Postby Thad » Mon Jun 05, 2017 10:31 am

patito wrote:If you start having a beef with slang then you really have achieved peak old man

I'm probably not the best guy to dispute this, but I do think we've got a little bit of a problem with the meanings of phrases like "safe space" and "trigger warning" that was, in part, brought on by well-meaning but naive college-age folks mistaking kindness and compassion for a right not to be challenged.

And, TBF, by a bunch of Fight Club-quoting dipshits who think "safe space" and "trigger warning" just sound funny and have no idea what they actually mean. (I saw somebody correctly point out, the other day, something to the effect of, "Hey guys, VFW halls are safe spaces.")

It's been about a decade since I've watched South Park (and a little longer since I've been in college -- the overlap is probably non-coincidental), so regarding its contribution to the conversation, I'm not sure how it breaks down on "South Park misses the point"/"South Park's fans miss the point" lines. (FWIW, everybody I've talked to about the subject has told me South Park's take was good.)

And of course there's an entire industry of people whose job it is to obfuscate and degrade language. (If memory serves, George Orwell had a thing or two to say on the subject of politics and the English language.) The same people who've made "feminist", "liberal", "progressive", "PC", "happy holidays", etc. into dirty words are hard at work on devaluing political terms, just as they always have.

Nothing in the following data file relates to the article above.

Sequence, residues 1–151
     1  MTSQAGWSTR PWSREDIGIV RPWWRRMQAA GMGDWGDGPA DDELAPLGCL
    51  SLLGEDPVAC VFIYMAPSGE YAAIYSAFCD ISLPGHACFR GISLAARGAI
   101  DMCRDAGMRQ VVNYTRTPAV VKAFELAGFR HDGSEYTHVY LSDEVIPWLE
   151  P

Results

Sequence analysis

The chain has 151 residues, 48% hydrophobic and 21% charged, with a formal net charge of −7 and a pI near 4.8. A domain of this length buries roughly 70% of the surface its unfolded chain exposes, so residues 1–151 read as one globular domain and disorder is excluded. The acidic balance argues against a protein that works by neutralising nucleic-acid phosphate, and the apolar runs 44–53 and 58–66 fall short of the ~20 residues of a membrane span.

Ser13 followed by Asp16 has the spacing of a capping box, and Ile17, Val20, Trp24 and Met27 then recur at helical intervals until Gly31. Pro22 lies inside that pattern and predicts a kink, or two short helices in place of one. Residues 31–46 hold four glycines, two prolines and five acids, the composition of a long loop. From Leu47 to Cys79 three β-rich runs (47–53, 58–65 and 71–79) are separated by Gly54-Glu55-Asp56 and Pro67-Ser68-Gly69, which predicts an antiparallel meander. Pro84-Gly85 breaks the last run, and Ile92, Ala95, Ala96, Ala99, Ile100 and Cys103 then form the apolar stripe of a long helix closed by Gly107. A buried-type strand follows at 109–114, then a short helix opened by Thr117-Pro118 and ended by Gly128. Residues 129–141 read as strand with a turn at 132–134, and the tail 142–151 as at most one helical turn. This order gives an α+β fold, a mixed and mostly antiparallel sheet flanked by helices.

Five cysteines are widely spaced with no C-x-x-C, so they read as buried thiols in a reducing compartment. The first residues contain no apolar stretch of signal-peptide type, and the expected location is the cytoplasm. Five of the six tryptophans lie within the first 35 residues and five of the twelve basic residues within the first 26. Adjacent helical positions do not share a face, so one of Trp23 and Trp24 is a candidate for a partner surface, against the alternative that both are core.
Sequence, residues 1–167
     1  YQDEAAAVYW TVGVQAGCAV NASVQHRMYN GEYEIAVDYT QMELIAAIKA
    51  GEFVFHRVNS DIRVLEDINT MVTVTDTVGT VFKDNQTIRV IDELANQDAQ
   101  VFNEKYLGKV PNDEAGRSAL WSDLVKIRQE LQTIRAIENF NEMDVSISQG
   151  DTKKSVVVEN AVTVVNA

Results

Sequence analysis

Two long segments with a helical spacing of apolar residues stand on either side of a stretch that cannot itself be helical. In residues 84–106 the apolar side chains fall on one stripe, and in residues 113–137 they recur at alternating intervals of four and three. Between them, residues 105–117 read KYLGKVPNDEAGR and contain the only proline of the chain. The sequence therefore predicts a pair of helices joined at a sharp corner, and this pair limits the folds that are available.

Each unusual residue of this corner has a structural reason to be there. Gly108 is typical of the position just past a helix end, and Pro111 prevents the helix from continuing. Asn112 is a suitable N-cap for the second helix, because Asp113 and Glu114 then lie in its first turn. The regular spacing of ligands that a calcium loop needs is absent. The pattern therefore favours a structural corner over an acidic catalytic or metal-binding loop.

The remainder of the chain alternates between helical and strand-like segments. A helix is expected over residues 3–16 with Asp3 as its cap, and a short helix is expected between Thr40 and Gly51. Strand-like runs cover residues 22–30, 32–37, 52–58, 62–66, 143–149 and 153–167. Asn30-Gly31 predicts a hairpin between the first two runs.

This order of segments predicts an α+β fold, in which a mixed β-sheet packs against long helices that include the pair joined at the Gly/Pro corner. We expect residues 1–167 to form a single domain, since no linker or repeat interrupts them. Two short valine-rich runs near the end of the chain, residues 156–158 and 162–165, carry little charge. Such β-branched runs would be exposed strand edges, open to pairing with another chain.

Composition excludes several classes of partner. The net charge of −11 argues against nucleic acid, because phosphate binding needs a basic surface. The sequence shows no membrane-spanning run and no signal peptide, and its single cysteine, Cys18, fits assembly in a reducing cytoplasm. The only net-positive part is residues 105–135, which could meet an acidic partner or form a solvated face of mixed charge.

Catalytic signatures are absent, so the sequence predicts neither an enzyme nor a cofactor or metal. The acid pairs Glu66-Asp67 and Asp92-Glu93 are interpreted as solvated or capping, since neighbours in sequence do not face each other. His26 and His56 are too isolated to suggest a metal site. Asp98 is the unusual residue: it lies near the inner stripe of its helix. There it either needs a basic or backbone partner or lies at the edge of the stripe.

I, obviously, have some prescriptivist tendencies that I've been trying to get a hold on. Ultimately, the purpose of language is communication. A speaker should try to communicate effectively; a listener should try to understand the speaker's intention. "Try and understand each other" isn't a particularly original or insightful piece of advice, but it's often a good one.

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Re: <extremely Harrison Ford voice> Get Off My Lawn

Postby beatbandito » Mon Jun 05, 2017 11:54 am

yeah but, like, they're not real gamers
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Re: <extremely Harrison Ford voice> Get Off My Lawn

Postby Thad » Mon Jun 05, 2017 11:58 am

Backing up a bit:

Bal wrote:Equating boomers with the actual hippie movement is stupid and dangerous. The boomers that were hippies lived through WWII and Korea and had their start in the Beatnik and BIkers movements of the 50's. They'd seen the version of the American dream post war America was selling, and they didn't buy. But there's little brothers and sisters, nieces and nephews, the second wave boomers, they bought a whole different message. We're all going to die, so find a good view. They didn't make the 60's, they sneered at the 60's from the 70's and did coke while they waited for the world to burn in nuclear fire and when it somehow didn't they said "Fuck it, better get mine before this whole party ACTUALLY ends" and went ahead and made the 80's where greed is good was not an ironic statement and they masturbated with hundred dollar bills while calling the record number of homeless people too lazy to work.